There is so much more to Paris than its famous monuments. In fact, one of the things we at MyFrenchLife™ love most about the City of Light are the beautiful artisan businesses that line the city’s streets.
In our view these small businesses and the passionate people behind them are exactly what give Paris its magic and unique charm: a Paris mosaic of les fleuristes, boulangeries, patîsseries, fromageries, et bien sûr, les chocolateries.
Enchanted by their beautiful displays and inspired by their talent and dedication, we’ve brought together the Paris Mosaic series, where we introduce you to the faces behind these Parisian gems.
Welcome to our Paris Mosaic series.
Boulangerie Bruno Solques
Address: 243 rue Saint-Jacques 75005
Opening hours: Mon – Fri between 8am – 7pm
Métro: Place Monge
La boulangerie Bruno Solques, is no ordinary Parisian boulangerie. Nestled in the Latin Quarter in the 5th arrondissement on the historic rue Saint-Jacques, this true artisan gem will certainly catch your eye.
Displayed in the window are boulanger-pâtissier Bruno Solque’s sugary treats and rustic loaves, alongside his less edible creations. Depictions of nature, flowers and animal heads, all ceramic sculptures adorn the walls inside, making it obvious that this bakery is one of a kind.
Bruno is a creative person who decided to exercise his passion through food. Young yet dedicated to his trade, he rises well before dawn to prepare his four types of croissants (plain, cinnamon, raisins and dried fruits), his famous vegetable quiche and his oversized but hearty loaves, using a mix of different flours.
This eccentric boulangerie piqued our curiosity, and Bruno, with his charming smile, was happy to indulge us with talk of his profession and most popular gourmandises.
France has succeeded in keeping its tradition of small businesses alive, even if it’s disappearing bit by bit.
Inspired by Bruno’s story, we at MyFrenchLife™ were delighted to have had the chance to speak with him and are excited to share his story with you.
What made you choose this profession and how was it made into a reality?
The choice was simply born out of a passion for food. I created this personal business 13 years ago now. I studied at culinary school when I was 18 years old in the south. I was really surprised in the beginning; everyone was dressed up in uniforms with little bowties, and I was just there completely normal!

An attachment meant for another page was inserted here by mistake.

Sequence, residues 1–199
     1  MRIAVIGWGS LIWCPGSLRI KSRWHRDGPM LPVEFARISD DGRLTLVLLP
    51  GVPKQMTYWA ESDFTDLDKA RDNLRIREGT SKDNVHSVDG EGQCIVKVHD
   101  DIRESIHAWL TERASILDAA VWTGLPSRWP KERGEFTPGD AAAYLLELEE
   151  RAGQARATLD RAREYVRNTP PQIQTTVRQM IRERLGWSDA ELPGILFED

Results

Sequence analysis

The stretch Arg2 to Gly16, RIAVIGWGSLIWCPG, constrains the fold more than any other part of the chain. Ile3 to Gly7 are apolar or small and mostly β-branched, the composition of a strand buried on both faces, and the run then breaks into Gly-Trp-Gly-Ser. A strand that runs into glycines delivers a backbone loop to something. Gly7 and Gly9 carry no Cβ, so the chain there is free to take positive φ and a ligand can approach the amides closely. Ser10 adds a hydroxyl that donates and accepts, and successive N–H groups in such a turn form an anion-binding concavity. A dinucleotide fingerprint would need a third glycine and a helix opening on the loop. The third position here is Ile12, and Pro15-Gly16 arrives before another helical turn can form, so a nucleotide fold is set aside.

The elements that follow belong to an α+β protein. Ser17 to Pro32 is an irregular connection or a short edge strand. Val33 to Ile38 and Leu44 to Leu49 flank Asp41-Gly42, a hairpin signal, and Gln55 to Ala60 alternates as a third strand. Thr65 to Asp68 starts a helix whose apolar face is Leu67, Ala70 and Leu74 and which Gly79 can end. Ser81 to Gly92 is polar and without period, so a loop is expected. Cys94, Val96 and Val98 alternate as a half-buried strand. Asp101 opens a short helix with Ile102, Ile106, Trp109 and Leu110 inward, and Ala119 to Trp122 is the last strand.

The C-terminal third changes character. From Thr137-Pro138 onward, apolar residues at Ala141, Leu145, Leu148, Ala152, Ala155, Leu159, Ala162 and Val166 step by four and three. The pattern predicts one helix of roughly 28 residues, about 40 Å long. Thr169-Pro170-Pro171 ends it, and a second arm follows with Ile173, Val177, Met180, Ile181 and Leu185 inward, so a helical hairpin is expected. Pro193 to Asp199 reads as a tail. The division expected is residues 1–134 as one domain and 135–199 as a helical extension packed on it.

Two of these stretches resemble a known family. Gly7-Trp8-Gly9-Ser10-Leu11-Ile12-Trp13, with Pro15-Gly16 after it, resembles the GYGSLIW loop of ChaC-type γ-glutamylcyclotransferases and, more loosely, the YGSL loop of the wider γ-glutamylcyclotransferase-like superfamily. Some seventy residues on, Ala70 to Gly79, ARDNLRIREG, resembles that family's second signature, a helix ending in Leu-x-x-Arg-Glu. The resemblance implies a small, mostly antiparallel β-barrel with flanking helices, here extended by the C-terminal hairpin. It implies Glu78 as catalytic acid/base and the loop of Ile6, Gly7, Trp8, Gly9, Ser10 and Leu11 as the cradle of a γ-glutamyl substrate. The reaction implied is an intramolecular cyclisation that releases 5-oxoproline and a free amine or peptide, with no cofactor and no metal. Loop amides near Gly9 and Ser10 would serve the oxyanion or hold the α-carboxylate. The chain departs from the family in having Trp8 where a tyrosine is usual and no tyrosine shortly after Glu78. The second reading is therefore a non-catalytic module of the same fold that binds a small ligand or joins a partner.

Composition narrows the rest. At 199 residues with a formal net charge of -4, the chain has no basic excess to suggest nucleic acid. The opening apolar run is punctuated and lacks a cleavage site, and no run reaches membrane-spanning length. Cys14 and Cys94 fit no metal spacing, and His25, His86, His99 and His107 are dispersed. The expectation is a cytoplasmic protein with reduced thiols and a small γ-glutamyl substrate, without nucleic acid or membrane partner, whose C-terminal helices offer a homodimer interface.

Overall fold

I had a lot of training to do. To succeed in this profession, I believe that you first need to be courageous, and to be a real hard-worker. It’s extremely difficult to do this type of work – you need to have dedication.
What is your favourite moment of your workday?
It’s difficult to choose. It’s a job that I love, really – I like the morning routine, where I start at3am every day, except for Saturday and Sunday, which I take as personal days.
I start with the tarts, both sugar and savoury, and afterwards, I make the bread. We open at 7.30am. I especially like the intimacy of the small everyday tasks.
What is the major advantage that contributed to your success?
Without being arrogant, I think that there are several attributes that allowed me to succeed. On the one hand, I only choose organic ingredients. There are only fresh vegetables in my store and that’s what makes my tarts and quiches very popular. On the other hand, I give the remaining items to my customers at the end of each workday. It’s those types of things that make you popular.
Do you have an anecdote to share on the social aspect of your work? (an endearing client, a particular event…)
In this type of profession, you often see the same people, the customers who live or who work in your neighbourhood. France has succeeded in keeping its tradition of small businesses alive, even if it’s disappearing bit by bit. There are fewer and fewer businesses like mine. Nowadays, you have to have a lot of money in the beginning to launch this type of business. That makes it very complicated for people of this generation.
Which product sells the most?
I would say quite simply that it’s the organic bread and viennoiseries that sell the most.
Do you have a favourite neighbourhood address to share with our readers?
I’m often extremely exhausted because of work, and I only ever want to sleep. But when I do want to go out to eat, I really like to go to the restaurant Les Papilles (30 Rue Gay-Lussac, 5éme).
What interested you most about Bruno’s Story? Share your thoughts in the comments below!
Introduction // Le Furet Tanrade // Thalie // La Petite Chocolatière // FJ Fleuriste // Rêve // Fromagerie Goncourt // Au-delà des Prés // Le Grenier à Pain // Boulangerie des Artistes // Les Fleurs d’Aline // Gontran Cherrier
1. courtesy of Rencontres sans gluten
2. courtesy of Bruno Solques
3–5 © Jill Craig